But just a year later, on March 26, 2012, the EEOC sought civil contempt sanctions against Jewel for failing to follow the requirements of the consent decree. Magistrate Judge Mason of the Northern District of Illinois filed his Report and Recommendation on July 15, 2014, ruling that Jewel violated the terms of the consent decree by allegedly failing to follow its own procedures, including the use of an accommodations consultant, and failing to accommodate and ultimately terminating three disabled employees. The EEOC almost always insists on some form of injunctive relief when it settles a case through a consent decree. If enforcement of the terms of those decrees is the new cause of action de jour, then this poses an entirely new threat to employers, who could face substantial exposure even after a case is settled and “over.”
Finally, the EEOC has been steadily increasing its use of its subpoena power to gather as much information as possible from employers prior to filing suit. Fiscal year 2014 saw 24 subpoena actions versus the 17 that were filed last year. As we have discussed here, although some employers have been successful in reigning in the EEOC’s subpoena power, many courts continue to give the agency considerable leeway to conduct searching pre-suit investigations, even where those investigations have little or no connection to the underlying charge.
What Types Of Cases Did The EEOC Focus On In FY2014?
Of course, the legal shifts discussed above are not the only story coming out of the EEOC’s FY2014 filings. We can also discern significant trends in the types of cases that the EEOC is choosing to pursue. The following chart offers a breakdown of the EEOC’s filings by statute:
We continue to see a strong focus on disability issues: disability cases make up 34% of all EEOC filings this year, fairly close to the number of cases we saw filed last year (36% in 2013). Race cases were somewhat underrepresented this year when compared with past years (14 in 2014, as compared with 17 in 2013), but there has been a fairly sizable uptick in age discrimination filings (nine this year, compared with only five in 2013).
By far, sex and pregnancy issues are the dominant discrimination theories alleged in Title VII cases in FY2014. The Commission filed 6 pregnancy discrimination cases in September alone, and has repeatedly emphasized that this is a priority for the agency. In a recent case filing announcement, for example, the EEOC’s press release stressed that “[t]he law is clear – employers cannot refuse to hire or discharge women because of their pregnancy,” and that “[c]ombating pregnancy discrimination remains a priority.” Indeed, sex/pregnancy discrimination cases make up 61% of all Title VII cases filed in 2014:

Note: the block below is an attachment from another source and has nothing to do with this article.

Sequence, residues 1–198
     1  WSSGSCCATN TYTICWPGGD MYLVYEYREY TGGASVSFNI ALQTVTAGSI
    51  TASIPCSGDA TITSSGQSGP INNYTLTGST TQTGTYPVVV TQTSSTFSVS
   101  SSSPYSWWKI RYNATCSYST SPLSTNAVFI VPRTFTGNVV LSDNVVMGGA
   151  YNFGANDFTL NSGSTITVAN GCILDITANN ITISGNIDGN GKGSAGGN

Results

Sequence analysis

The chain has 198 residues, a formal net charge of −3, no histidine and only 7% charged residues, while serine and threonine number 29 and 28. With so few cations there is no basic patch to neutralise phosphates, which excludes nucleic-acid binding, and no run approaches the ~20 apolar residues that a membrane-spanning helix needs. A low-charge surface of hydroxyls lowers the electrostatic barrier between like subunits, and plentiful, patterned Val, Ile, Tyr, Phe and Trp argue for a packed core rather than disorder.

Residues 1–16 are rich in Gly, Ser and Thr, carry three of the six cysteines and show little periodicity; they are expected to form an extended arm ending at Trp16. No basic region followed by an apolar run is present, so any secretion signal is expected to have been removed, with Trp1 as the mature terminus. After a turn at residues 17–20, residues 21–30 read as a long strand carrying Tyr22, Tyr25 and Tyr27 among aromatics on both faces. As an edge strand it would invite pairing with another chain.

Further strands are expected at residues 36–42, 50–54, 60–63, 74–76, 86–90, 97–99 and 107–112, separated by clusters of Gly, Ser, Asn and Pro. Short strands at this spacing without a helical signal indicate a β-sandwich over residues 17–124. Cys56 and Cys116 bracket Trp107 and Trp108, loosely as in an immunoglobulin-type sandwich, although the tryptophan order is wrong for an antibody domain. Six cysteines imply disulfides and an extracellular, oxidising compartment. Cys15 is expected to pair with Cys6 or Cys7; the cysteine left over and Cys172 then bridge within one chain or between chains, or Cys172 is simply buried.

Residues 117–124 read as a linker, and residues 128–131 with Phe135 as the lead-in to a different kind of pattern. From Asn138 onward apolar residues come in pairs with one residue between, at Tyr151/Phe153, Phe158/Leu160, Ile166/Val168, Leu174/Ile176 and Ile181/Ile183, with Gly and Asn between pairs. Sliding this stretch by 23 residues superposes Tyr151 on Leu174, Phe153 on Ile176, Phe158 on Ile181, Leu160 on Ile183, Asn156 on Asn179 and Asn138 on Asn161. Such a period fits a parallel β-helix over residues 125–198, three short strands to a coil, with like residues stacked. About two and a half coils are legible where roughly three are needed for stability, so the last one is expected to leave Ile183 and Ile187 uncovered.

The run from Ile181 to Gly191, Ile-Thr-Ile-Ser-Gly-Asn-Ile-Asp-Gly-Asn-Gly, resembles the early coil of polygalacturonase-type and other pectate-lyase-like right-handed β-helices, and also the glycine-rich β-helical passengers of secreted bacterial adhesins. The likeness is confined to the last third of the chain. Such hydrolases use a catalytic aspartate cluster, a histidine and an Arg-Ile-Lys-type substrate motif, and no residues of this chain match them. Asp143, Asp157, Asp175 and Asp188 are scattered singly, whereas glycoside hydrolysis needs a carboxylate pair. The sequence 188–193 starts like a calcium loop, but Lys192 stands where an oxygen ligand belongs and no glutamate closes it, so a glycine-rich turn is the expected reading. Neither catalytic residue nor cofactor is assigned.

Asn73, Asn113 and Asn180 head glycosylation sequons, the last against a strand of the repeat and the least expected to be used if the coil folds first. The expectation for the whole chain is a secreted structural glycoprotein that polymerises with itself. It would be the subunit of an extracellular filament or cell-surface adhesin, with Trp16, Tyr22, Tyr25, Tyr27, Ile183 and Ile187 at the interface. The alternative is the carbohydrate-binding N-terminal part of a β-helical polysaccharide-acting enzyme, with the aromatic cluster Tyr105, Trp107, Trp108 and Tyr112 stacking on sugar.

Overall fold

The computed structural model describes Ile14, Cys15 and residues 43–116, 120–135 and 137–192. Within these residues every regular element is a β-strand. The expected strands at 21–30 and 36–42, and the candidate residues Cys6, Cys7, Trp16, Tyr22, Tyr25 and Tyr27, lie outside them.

Aggressive Regional Offices
Finally, as with prior years, FY2014 saw significant disparities in the number and types of filings coming out of the EEOC’s 15 districts. Five districts in particular are unusually aggressive in the number of cases they file, the types of cases they bring, and how aggressive they pursue those cases. Here is a breakdown of how many cases were filed where:
The EEOC’s Chicago district office, led by regional attorney John Hendrickson, remains one of the most aggressive in the country, pursuing not only a large number of cases (26 in FY2014), but also cases that are themselves large and important in terms of their impact on U.S. employers. CVS, Jewel, and Mach Mining, discussed above, all started in Chicago.
The Philadelphia office is also consistently active and aggressive. That office took the lead in a handful of cases alleging that employers’ use of criminal and credit history background checks had an adverse impact on minority applicants. Although one of those cases, EEOC v. Kaplan, Inc., resulted in a stinging defeat for the agency at the district court and the Sixth Circuit, another case, EEOC v. Freeman, lives on at the appellate level. The Fourth Circuit is set to decide that case after a Maryland federal judge granted summary judgment to the company.
The New York office has also been quite active, and is pursuing a handful of high profile pregnancy and sex discrimination cases that are still winding their way through the Courts. Chief among those are the Sterling case discussed above, which is now before the Second Circuit, and a pregnancy discrimination suit against Bloomberg LP, which was gutted by the district court in September 2013, and which the EEOC was forced to walk away from in August of this year.
Rounding out the list of hard-hitting regional offices are the Houston office and the Phoenix office, which are both known to file high-profile cases and aggressively pursue them. Those offices filed 9 cases and 14 cases respectively in 2014.
Insight For Employers
Fiscal Year 2014 was curious in many ways. We can see the unquestionable fingerprints of the 2012 SEP in the EEOC’s filings, and we can expect to see those trends continue. But we also see the agency making more nuanced, strategic decisions with how it uses its finite resources – choosing to fight a number of procedural issues that may pave the way (at least if the EEOC has its way) to an open door to the federal courthouse in years to come, unfettered by procedural prerequisites. The 2014 fiscal year has just ended, and we continue to process this data. The EEOC’s official published statistics are typically released in November, which will give us additional insight into this often confounding agency. Stay tuned, loyal blog readers.
Readers can also find this post on our Workplace Class Action blog here.